NEW HAMPSHIRE—More than 400 attendees packed the South Church in Portsmouth to see Democratic presidential candidate Sen. Amy Klobuchar (D-MN) the day after a chaotic night of caucuses in Iowa. As candidates launched their final efforts in the first-in-the-nation primary, there were still no official results from the Hawkeye State due to a massive app malfunction.
“I think you know it was a long night in Iowa,” Klobuchar told the crowd with an exasperated laugh. “We still don’t know what the results are … But from my perspective, we had a great night last night.”
Klobuchar went on to tell the crowd that her campaign exceeded expectations: “I think the answer for all of this is that you want a president who has the presence of mind that can thrive in chaos.”
Most of the candidates for president flew to New Hampshire in the early hours Tuesday to kick off the second leg of the long slog to the Democratic nomination. But they arrived in the Granite State in politically unfamiliar territory.
For the first time in 20 years, Dems head into New Hampshire with the same number of candidates they had in Iowa. Additionally, candidates who made very little effort in Iowa will now attempt to claw into the primary mix. Of the massive 11-candidate field, all but billionaires Michael Bloomberg and Tom Steyer will be making all-in efforts for the first primary.
Deprived of the potentially illuminating Iowa results, candidates were quick to patch together their own spins.
In Keene, a progressive hotbed that gave Bernie Sanders over 70% of the vote in 2016, Sen. Elizabeth Warren (D-MA) said that she was well situated in what had become a three-candidate race for the nomination.
“We came out of Iowa knowing it’s a tight, three-way race at the top, and that the three of us—Buttigieg, Bernie, and I—will divide up most of the delegates,” Warren told reporters Tuesday. (Until a bulk of the Iowa results were released Tuesday night, candidates used internal numbers to project how they fared.)
Pete Buttigieg (D-IN), who had all but declared outright victory in Iowa, said at a campaign stop in Concord that the results “represent an astonishing victory for our movement.”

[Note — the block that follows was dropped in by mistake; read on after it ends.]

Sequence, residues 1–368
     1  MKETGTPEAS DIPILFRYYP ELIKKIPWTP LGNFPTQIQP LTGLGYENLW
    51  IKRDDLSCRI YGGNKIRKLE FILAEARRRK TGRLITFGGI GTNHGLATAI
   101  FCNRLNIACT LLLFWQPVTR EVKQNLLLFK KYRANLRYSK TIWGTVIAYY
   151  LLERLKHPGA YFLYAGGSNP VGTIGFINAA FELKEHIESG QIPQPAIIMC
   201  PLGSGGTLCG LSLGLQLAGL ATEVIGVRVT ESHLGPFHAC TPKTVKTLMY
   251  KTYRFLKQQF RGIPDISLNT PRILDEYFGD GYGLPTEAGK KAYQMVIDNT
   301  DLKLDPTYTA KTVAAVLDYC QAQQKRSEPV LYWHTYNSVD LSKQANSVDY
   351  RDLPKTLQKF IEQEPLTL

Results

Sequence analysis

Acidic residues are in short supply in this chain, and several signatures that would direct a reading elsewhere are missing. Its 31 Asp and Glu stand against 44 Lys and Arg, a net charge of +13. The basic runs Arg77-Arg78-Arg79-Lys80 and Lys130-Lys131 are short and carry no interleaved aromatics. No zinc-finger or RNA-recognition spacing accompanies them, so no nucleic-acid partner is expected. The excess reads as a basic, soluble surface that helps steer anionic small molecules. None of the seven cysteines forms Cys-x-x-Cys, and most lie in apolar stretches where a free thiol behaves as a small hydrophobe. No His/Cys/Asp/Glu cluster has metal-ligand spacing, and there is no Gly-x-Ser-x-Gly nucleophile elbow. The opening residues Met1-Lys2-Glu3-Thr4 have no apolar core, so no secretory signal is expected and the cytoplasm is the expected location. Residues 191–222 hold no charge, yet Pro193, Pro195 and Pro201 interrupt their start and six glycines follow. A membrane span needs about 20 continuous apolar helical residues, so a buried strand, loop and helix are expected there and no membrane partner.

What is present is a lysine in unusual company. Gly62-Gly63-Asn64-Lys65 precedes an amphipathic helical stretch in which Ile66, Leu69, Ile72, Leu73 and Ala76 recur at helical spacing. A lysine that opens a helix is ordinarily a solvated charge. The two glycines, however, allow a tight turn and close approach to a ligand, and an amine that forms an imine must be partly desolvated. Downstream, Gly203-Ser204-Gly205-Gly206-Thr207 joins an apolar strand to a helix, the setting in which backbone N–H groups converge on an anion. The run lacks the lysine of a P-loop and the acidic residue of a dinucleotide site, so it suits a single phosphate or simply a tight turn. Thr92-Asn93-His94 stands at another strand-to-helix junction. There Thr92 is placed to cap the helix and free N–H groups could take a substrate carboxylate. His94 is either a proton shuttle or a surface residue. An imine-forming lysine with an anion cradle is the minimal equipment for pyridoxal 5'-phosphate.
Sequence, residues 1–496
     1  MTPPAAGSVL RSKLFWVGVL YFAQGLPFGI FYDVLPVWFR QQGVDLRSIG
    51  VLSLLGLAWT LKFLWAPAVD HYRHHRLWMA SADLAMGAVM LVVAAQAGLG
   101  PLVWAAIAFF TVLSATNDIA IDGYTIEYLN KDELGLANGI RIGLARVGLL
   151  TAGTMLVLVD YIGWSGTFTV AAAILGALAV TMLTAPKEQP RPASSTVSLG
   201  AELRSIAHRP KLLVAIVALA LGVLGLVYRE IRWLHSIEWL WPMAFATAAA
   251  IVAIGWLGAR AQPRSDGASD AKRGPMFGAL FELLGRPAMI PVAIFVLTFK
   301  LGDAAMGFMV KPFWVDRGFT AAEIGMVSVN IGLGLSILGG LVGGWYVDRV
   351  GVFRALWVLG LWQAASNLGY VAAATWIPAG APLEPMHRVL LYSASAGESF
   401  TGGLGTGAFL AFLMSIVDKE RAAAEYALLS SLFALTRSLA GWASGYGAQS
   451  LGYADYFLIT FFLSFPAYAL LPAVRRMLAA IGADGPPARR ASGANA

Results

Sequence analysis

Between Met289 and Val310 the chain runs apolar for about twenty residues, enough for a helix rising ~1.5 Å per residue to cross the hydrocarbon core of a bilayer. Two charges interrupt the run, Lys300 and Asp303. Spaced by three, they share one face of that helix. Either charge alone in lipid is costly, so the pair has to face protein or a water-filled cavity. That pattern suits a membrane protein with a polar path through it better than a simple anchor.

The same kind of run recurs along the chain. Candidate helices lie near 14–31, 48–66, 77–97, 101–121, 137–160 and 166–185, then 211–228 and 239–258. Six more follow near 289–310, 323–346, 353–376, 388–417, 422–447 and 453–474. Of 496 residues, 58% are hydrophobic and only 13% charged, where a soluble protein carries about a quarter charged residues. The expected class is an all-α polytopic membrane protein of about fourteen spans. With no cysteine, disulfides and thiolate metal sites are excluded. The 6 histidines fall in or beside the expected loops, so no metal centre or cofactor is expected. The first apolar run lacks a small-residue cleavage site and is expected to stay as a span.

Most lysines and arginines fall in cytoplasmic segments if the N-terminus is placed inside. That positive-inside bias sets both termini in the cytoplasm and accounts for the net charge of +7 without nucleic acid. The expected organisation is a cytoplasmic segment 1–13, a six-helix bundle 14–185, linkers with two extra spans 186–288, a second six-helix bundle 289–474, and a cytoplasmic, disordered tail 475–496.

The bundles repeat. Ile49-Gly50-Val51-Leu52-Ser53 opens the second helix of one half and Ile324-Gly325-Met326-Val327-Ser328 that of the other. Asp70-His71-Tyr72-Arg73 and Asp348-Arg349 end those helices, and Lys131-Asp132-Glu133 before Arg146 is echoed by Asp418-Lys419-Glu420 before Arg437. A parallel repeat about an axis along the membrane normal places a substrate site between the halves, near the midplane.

Buttigieg narrowly leads Sanders, followed by Warren, former Vice President Joe Biden, and Klobuchar, with 71% of the Iowa vote reported as of this writing.
Biden is the only major candidate mostly ignoring the results. If the reporting and limited numbers hold true, Biden had a disastrous showing on Monday night, hovering around 15% of the delegate total and narrowly ahead of the underdog Klobuchar.
“There’s nothing to come back from yet,” Biden told a crowd in Concord.
Biden’s likely failure in Iowa simultaneously gives his top opponents momentum and thrusts the nominating process into a state of confusion.
For Buttigieg, Sanders and Warren, the clearest path to victory was to notch a series of wins through Iowa, New Hampshire, and Nevada, with hopes of a damaged Biden losing his support in his stronghold of southern states.
Despite the fact that Buttigieg or Sanders will win Iowa and Biden’s defeat, the confusion and skepticism of those wins and losses will likely dull any mass reaction to the nation’s first contest of 2020.
But now they’re on to New Hampshire, where the process will start anew, and nobody, even the voters, know which way the Granite State will go.
“I’m still feeling it out,” said Pat Spalding, a lifelong New Hampshire resident who attended Klobuchar’s rally in Portsmouth. “I’m having a lot of difficulty deciding [who to vote for].”
Spalding said she is a progressive whose biggest issues are health care and the environment. She likes Sanders, but is nervous about his age and electability.
“I have leftist inclinations,” she said. “We don’t need to go centrist anymore.”
Despite the chaos and frustration of the process, people on the ground don’t seem to have lost sight of the upcoming primary’s significance.
“I feel like people my age are losing faith,” Derek Capri, a 22-year-old Sanders volunteer, told me at an event in Manchester. “ This is our last chance to prove that democracy matters.”
This article was produced by the Boston Institute for Nonprofit Journalism as part of its Manchester Divided coverage of political activity around New Hampshire’s first-in-the-nation primary. Follow our coverage @BINJreports on Twitter and at binjonline.org/manchesterdivided, and if you want to see more citizens agenda-driven reporting you can contribute at givetobinj.org.